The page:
La Venganza de Salem 06:50 May 31 0 comments
The Family-Party-State Nexus in Nicaragua 03:06 May 10 0 comments
The “New Turkey”: Permanent State of Emergency and the Dream of Absolute Power 22:57 Apr 24 0 comments
Buscando la verdad entre las ruinas de Duma 19:16 Apr 24 0 comments
The search for truth in the rubble of Douma 19:13 Apr 24 0 commentsmore >>
western asia / imperialism / war / non-anarchist press Tuesday October 25, 2016 - 16:38 by Michael Skinner
7 October 2016 marks the fifteenth anniversary of the invasion of Afghanistan. Many Western leaders claimed the invasion, dubbed Operation Enduring Freedom, was a humanitarian intervention to liberate Afghans and especially Afghan women and girls from the brutal Taliban regime. However, the evidence demonstrates the results have been anything but humane or liberating.
The people truly liberated by the invasion and occupation of Afghanistan are the wealthy investors in the military-industrial complex and those betting on successfully extracting Afghan resources and developing the infrastructure of the New Silk Road. ... read full story / add a comment
southern asia / workplace struggles / non-anarchist press Tuesday September 06, 2016 - 18:22 by Number 13
Since India embraced what trade unions call the LPG route to growth (that is liberalization, privatization and globalization) in 1991, the country has seen 16 general strikes. And the 17th all India workers’ strike falls on September 2nd. The last general strike, observed on 2 September 2015, saw participation from nearly 150 million workers – that's half the population of the entire U.S., or more than the combined population of the UK, Canada and Australia. This year, the unions expect a better turnout given the controversial labour policies pursued by the Narendra Modi-led NDA government. ... read full story / add a comment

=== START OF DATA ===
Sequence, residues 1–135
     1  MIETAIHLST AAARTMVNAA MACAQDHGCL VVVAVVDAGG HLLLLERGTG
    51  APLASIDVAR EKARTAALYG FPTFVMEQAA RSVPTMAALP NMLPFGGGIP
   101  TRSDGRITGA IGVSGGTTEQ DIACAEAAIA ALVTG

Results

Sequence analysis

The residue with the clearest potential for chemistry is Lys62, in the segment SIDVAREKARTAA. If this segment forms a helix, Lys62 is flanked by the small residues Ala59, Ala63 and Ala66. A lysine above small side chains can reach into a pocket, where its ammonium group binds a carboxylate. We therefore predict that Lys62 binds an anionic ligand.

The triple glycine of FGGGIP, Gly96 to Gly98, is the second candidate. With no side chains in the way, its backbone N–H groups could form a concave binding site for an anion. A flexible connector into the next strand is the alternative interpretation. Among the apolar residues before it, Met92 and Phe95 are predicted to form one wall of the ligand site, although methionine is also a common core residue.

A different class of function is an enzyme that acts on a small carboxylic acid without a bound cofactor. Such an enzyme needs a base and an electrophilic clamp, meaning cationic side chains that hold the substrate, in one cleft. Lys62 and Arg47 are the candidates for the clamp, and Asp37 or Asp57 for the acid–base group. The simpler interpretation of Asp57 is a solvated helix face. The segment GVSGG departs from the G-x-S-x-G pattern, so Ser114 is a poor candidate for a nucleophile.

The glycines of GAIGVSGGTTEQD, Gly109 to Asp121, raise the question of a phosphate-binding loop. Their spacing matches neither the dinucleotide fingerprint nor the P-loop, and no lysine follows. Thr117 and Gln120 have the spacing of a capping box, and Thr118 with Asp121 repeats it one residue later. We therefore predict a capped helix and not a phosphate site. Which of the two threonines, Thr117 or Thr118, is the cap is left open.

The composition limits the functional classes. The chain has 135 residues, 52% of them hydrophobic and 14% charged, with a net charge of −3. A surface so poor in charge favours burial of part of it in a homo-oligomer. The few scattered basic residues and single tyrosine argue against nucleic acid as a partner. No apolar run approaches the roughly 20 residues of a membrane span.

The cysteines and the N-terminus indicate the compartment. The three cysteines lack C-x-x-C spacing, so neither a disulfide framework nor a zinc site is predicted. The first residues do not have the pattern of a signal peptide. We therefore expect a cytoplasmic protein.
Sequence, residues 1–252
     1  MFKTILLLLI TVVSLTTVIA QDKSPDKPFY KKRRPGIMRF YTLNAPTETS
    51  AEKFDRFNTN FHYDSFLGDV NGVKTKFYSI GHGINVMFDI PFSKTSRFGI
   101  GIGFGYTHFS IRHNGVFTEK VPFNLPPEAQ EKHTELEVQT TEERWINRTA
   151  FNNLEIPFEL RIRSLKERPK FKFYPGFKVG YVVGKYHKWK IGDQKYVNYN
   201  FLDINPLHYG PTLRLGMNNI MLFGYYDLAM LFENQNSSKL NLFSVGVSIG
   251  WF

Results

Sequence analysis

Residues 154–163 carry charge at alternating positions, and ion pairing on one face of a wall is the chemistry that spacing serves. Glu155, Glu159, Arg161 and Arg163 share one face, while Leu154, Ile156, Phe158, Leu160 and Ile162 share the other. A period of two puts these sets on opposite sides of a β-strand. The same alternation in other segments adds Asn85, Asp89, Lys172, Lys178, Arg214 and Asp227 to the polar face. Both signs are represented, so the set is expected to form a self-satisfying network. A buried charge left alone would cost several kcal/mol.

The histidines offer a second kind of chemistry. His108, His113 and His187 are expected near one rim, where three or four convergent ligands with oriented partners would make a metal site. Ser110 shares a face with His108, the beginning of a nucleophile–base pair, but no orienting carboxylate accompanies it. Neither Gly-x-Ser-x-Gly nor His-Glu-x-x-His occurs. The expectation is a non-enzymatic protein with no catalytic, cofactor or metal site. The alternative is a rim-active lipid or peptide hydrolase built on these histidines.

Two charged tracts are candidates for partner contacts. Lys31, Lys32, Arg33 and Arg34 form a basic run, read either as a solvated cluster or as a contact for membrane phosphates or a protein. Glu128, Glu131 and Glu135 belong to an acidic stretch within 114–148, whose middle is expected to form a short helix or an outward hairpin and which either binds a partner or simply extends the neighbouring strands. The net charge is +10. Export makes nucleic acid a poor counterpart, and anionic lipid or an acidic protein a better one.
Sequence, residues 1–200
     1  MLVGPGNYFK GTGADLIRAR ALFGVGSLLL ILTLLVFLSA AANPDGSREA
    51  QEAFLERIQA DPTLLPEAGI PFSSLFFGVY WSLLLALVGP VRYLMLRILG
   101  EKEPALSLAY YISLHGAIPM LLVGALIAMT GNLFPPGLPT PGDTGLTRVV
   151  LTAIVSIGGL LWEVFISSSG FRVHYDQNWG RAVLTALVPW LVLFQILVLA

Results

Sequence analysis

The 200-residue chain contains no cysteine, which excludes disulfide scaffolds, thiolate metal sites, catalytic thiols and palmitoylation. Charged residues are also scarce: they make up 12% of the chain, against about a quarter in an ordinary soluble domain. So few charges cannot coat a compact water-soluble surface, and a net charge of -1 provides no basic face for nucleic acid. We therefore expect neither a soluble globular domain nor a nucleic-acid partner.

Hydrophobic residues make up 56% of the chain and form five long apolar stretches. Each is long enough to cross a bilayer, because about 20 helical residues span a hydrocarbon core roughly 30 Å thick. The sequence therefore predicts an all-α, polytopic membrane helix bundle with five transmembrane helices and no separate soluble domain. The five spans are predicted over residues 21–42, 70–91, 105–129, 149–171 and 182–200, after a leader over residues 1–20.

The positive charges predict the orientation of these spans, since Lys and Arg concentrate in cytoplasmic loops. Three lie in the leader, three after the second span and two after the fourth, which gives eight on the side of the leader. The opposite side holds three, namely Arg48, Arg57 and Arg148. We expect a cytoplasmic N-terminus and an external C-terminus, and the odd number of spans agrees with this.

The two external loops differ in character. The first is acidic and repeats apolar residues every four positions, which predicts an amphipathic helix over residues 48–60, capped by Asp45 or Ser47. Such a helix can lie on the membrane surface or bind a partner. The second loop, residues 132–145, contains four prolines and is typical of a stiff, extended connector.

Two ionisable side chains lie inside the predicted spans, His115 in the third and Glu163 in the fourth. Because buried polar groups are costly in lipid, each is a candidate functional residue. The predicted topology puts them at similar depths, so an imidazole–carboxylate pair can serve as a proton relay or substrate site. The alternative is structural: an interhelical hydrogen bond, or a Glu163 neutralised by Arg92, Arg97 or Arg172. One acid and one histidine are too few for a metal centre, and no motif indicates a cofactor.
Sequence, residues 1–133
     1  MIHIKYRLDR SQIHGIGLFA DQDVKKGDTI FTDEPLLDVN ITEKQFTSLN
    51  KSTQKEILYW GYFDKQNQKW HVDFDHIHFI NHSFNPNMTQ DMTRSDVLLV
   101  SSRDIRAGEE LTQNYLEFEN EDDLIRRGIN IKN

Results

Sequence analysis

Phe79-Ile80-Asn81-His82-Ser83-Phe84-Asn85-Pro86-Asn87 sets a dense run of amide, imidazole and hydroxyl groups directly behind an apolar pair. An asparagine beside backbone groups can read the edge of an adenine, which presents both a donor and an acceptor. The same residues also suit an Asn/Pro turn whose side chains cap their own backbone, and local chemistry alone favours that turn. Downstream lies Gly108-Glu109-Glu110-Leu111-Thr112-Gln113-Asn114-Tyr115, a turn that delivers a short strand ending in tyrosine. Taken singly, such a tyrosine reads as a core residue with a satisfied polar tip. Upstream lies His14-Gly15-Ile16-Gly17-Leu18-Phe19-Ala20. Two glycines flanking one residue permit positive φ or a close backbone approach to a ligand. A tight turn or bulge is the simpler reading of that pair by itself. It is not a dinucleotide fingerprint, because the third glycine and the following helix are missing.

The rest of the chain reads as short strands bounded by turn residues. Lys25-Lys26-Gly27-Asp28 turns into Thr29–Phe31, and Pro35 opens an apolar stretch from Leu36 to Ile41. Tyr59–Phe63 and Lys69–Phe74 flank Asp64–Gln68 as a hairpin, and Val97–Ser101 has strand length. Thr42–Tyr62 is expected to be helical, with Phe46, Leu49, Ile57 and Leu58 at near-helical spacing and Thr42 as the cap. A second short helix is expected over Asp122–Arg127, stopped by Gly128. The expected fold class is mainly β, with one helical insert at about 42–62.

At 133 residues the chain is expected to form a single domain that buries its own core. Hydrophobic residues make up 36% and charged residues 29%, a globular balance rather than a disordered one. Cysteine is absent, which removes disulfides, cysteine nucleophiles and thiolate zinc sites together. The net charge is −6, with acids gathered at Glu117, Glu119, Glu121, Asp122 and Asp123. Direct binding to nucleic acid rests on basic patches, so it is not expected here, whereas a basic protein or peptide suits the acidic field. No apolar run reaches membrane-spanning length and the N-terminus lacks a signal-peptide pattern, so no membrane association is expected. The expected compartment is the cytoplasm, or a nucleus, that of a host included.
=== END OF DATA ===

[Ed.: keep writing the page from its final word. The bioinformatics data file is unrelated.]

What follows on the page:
greece / turkey / cyprus / imperialism / war / non-anarchist press Tuesday August 30, 2016 - 16:38 by Phil Hearse 1 comment (last - wednesday august 31, 2016 - 22:43)
Turkey's incursion into northern Syria on 24 August was flagged up as a move to drive the so-called Islamic State (ISIS) out of the border town of Jarabulus. But that is just a cover: Turkey's not very secret major objective is to crush the 50,000-strong Kurdish YPG (People's Protection Unit) militia, and overrun the three autonomous Kurdish dominated areas, collectively called “Rojava” by the Kurds. ... read full story / add a comment